There are more important things than wine, and one of them is, of course, dogs. I can’t say that my weekend has been lacking in the former, but it has been dominated by the eruption into my little household of a new puppy. Incidentally I find it rather significant (but of what I’m not sure) that the first question people ask about a new baby is “boy or girl?”, while about a new puppy they tend to ask: “What’s its name?”, while seemingly content with the “it” status.
Well, I fear “its” (his!) name is not yet finalised, and the matter has been causing me pleasant anguish. I rather liked Ralph or Rafe or Rolf (inevitably Ralphie, Rafie or Rolfie), but Angela Lloyd, another dog lover, coming to visit the new arrival, reacted with such horror to the idea (especially in the diminutive) that I felt obliged to reconsider.
There were also some other ideas (including Danny), but I seriously considered the name “Jakkals” (Afrikaans for jackal), which is also the name of Rosa Kruger’s little Jack Russell. But another influential friend was rather scornful of this, and suggested turning it into Jack. Or, conceivably, Jak. With the compromise possibility of a full name (used when venturing into the Swartland) of Jakkals du Plessis.
That uneasy solution I am seriously contemplating for the moment. Meanwhile the little scrap who is sleeping on my foot as I type this, is also Little Brown Dog. Which is at least descriptive. Actually, he’s dark beige-brown, I suppose (more beige than he appears in the photo above) – more or less the colour we people would also all be after a few generations of international miscegenation through which we all became proper mongrels – braks. Just as I tend to like ordinary brown dogs braks, I suspect the world would be better off if we were all mongrels too. (Not to mention if we were as friendly and nice as dogs).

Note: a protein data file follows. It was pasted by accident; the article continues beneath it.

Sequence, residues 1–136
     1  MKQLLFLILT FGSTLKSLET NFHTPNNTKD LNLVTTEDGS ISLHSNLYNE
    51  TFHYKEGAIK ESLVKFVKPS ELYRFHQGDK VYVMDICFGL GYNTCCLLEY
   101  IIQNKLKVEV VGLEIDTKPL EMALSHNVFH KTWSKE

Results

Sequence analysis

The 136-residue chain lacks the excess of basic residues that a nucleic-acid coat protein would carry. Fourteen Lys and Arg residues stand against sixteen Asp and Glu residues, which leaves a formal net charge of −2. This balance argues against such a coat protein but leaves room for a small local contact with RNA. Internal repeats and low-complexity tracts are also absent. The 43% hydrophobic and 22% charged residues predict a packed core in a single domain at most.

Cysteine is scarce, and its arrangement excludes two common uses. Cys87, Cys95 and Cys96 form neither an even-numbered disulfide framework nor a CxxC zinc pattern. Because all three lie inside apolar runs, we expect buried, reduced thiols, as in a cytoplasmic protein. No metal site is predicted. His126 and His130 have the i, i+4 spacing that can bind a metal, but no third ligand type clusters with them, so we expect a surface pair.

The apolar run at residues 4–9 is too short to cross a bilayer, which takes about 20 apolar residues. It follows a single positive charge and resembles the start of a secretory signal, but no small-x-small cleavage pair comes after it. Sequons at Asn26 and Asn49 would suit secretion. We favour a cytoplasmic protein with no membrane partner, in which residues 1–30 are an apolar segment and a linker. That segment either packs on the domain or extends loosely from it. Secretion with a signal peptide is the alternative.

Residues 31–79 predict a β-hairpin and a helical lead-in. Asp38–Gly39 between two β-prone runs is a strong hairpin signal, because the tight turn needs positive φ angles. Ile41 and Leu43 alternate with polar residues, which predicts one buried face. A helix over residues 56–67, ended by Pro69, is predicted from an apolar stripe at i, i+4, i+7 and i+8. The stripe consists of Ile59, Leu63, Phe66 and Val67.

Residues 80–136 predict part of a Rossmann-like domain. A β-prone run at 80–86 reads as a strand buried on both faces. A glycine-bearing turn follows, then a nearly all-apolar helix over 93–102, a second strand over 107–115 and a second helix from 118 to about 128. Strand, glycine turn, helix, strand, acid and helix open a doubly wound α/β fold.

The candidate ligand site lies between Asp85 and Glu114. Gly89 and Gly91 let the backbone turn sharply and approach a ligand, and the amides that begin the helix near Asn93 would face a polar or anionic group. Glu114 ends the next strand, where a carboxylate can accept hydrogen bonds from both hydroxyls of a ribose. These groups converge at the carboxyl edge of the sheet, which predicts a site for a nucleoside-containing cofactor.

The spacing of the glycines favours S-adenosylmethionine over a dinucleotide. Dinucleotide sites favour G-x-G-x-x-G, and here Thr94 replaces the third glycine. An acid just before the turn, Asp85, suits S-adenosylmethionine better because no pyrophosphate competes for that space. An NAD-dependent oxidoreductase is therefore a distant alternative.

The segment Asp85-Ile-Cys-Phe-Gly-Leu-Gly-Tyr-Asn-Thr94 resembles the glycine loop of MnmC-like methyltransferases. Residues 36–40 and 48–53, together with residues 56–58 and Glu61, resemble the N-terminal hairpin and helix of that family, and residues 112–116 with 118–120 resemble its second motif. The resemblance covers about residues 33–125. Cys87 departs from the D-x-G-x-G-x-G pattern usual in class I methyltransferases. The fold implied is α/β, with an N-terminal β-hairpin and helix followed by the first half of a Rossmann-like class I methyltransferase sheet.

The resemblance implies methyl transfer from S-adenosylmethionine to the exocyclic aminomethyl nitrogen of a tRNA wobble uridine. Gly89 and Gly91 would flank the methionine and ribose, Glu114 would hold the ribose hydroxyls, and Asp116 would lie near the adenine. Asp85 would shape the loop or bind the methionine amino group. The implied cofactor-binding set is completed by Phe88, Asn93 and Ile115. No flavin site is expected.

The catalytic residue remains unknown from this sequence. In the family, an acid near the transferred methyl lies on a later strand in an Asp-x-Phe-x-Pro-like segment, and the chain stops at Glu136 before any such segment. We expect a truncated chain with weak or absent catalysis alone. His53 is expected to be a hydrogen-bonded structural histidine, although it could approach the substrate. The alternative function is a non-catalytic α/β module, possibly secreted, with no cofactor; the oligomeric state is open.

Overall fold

But. Well. My present indignation results from a bit of googling related to an overwhelming bit of childhood prompting. Like most people of my culture and class, I was brought up with A A Milne’s Winnie-the-Pooh. Oh, you too? Remember Piglet? Well, Little Brown Dog has rather irresistibly reminded me of him. Although I was horrified when I did a straight google for Milne’s Piglet, and came up with a whole lot of colourful, mostly strident pink, rather appallingly kitsch and vulgar images (see example, right). Again, as I’ve asked before and as just about everyone of a certain age is surely obliged to occasionally ask with anguish: What dreadful things have they done with my childhood?!
I was obliged to add the word “original” to my google request to get a selection of the lovely, simple monochrome drawings of the Piglet I grew up with, the work of E H Shepard.
Why, I wonder, is black-and-white so often more profound and affecting than colour? In drawings and photographs too. Sometimes it is surely because they allow the imagination to enter.
Mid-brown-beige, with a white patch on the chest, is also miraculously marvellous colouring, I’m thinking.